ASEAN Connectivity and China-Japan Infrastructure Export Competition

Challenges Facing ASEAN Integration

ASEAN

(Prachatai/Flickr)

In Financial Cooperation in East Asia, a new book published by S. Rajaratnam School of International Studies (RSIS) at Nanyang Technological University, ASPI Senior Program Officer Blake Berger compares the impetus and rationale behind China’s Belt and Road Initiative (BRI) and Japan’s Partnership for Quality Infrastructure (PQI), and their impact on regional integration in Southeast Asia and the Association of Southeast Asian Nations (ASEAN).

In a chapter titled “ASEAN Connectivity and China-Japan Infrastructure Export Competition: Challenges facing ASEAN Integration,” Berger asserts that there are similar rationales driving both the BRI and PQI. He argues that China embarked on the BRI in order to secure trading routes, export excess production capacity to BRI host countries, bolster economic activity and integrate its western provinces with neighboring countries, and to support Chinese industries global presence and rise in the global value chain. Supplementing the economic rationale, the BRI’s political goals include strengthening Beijing’s geopolitical influence over project recipient states and facilitating the emergence of a China-centric economic order.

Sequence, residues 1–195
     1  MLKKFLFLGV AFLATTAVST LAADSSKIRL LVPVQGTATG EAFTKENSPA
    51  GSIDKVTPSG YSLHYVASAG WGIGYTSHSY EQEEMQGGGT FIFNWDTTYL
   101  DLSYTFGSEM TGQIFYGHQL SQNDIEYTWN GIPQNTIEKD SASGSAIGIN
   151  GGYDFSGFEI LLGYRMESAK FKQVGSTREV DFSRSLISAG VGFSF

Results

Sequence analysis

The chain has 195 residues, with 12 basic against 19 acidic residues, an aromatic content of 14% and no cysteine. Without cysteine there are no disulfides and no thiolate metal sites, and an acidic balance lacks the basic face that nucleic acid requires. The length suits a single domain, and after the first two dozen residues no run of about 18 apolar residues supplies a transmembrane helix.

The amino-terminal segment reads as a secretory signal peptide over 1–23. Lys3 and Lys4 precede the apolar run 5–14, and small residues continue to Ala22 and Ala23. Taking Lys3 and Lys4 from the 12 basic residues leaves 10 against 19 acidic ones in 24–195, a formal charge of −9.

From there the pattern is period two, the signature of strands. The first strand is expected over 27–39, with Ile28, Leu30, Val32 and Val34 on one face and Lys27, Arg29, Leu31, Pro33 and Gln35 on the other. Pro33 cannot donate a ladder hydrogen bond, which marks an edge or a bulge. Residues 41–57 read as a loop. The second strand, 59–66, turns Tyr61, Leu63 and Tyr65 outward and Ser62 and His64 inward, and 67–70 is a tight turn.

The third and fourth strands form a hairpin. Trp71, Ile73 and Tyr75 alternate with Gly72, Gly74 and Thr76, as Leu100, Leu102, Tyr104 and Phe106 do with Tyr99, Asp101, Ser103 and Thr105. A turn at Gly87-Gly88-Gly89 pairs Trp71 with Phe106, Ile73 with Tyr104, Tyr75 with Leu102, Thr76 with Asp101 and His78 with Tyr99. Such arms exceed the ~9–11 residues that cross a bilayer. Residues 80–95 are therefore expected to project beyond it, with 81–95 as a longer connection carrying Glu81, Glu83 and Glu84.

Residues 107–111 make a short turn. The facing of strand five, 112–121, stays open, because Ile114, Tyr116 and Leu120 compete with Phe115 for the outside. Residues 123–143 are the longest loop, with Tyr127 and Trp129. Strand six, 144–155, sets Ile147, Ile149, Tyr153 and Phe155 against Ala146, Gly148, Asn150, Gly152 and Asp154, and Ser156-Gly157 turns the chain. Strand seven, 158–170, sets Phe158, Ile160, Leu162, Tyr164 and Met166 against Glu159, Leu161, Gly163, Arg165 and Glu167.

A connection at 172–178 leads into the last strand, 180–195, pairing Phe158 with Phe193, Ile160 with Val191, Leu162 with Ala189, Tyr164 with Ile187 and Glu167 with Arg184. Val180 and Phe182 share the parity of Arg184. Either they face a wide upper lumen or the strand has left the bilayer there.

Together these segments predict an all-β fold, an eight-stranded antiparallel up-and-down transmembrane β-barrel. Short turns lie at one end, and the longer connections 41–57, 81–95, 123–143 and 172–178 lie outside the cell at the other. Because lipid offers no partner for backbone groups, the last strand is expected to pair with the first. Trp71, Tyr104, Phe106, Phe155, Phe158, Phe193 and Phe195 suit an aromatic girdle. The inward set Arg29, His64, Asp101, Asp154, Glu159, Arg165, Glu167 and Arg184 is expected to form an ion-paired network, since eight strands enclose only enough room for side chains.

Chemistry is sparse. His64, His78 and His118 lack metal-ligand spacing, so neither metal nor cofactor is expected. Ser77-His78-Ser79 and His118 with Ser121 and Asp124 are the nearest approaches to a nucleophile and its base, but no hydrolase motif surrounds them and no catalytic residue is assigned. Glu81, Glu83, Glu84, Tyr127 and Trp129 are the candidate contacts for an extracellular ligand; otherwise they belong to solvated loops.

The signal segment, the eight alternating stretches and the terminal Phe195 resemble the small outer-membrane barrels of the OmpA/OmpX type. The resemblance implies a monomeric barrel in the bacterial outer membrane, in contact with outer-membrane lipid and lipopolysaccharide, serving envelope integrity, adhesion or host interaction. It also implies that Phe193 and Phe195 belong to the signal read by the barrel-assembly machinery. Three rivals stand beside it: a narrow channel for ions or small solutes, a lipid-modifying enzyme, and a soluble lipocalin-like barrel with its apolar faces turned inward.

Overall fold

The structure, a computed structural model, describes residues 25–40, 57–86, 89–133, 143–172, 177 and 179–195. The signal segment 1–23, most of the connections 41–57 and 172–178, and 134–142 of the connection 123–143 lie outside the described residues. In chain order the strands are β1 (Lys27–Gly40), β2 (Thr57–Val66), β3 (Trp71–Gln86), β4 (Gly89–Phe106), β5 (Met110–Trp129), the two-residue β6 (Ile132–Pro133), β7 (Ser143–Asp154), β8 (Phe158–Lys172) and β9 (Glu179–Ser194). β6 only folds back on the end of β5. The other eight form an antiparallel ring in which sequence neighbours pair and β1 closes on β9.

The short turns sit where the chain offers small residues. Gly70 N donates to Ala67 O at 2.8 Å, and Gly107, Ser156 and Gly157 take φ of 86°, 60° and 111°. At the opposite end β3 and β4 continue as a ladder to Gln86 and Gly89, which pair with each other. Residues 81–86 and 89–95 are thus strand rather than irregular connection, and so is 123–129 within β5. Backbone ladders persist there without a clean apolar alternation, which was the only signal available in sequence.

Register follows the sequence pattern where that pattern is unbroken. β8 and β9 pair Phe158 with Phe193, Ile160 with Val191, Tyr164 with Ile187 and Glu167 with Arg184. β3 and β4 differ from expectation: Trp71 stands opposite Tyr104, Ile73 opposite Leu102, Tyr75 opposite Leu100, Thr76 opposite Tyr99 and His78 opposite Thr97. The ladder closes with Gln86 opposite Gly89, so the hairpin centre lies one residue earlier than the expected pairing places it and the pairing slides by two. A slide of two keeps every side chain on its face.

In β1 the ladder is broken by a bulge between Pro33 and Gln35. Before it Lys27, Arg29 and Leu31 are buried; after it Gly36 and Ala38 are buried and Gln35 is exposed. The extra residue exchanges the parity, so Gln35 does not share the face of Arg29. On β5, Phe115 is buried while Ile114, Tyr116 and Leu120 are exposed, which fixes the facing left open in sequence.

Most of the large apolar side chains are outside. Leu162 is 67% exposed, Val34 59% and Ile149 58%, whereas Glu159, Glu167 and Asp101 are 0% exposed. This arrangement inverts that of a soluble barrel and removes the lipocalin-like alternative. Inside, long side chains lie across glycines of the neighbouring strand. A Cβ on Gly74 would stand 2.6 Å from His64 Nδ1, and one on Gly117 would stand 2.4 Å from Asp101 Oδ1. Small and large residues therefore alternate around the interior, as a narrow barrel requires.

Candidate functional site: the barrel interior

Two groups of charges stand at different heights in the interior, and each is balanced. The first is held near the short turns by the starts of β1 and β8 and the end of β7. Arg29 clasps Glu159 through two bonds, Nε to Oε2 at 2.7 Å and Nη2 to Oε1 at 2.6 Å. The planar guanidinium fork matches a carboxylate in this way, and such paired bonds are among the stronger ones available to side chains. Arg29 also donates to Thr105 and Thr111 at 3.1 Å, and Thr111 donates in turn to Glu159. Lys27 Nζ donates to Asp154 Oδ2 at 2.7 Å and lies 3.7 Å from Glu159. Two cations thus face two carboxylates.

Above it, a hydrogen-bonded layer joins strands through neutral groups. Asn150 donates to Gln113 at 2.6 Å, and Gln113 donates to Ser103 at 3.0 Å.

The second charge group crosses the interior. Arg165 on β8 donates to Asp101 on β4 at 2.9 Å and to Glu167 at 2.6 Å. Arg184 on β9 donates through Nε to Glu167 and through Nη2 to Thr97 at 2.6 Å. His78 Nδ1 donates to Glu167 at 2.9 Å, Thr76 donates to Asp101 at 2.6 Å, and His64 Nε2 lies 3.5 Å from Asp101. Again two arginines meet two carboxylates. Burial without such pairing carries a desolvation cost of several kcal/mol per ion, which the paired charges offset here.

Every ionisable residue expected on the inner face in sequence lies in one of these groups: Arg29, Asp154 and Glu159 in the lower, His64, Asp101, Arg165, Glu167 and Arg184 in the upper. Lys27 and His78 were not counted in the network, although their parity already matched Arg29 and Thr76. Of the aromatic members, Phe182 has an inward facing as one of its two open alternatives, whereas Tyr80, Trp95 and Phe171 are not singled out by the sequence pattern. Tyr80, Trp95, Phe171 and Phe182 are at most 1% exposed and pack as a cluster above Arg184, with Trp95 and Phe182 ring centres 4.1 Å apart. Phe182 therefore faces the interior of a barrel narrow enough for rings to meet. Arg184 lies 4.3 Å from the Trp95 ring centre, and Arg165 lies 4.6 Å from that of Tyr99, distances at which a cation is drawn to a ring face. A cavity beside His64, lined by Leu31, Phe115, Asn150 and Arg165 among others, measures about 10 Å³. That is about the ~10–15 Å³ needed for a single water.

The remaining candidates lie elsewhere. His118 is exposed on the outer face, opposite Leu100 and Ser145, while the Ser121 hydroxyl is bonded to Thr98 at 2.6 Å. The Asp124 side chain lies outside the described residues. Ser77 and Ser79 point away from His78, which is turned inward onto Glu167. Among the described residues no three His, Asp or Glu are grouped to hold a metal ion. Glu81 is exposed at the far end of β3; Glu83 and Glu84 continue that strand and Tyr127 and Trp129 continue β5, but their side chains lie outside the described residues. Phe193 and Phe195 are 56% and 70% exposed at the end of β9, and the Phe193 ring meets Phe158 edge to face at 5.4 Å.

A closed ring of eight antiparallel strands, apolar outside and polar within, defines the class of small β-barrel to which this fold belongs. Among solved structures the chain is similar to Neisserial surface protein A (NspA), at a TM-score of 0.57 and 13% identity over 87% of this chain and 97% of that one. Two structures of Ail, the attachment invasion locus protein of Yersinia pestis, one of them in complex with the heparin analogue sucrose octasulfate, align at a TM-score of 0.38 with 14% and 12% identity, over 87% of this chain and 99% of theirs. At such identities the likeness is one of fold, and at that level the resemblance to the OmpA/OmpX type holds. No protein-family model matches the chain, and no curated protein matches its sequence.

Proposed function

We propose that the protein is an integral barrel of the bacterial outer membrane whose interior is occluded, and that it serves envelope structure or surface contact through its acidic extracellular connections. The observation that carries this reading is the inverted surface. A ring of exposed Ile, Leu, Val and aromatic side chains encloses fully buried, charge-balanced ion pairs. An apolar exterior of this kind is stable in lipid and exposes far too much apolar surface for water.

Japan’s PQI, which was unveiled by Prime Minister Shinzo Abe in 2015 in direct response to the BRI, similarly has both economic and political rationales. Economically, the PQI is aimed at securing new markets for Japanese businesses, strengthening export competitiveness, and bolstering economic growth. Politically, Japan is utilizing the PQI to counter China’s influence and align recipient states security policies with Japan. In the end, Berger addresses challenges faced by ASEAN due to both institutional issues and the strategic and infrastructure competition between the two great powers. In order to ensure seamless integration in ASEAN, Berger proposes strengthening the ASEAN Secretariat and the ASEAN Connectivity Coordinating Committee (ACCC) as a solution to enhancing the integration and connectivity in Southeast Asia.

Read the chapter on RSIS.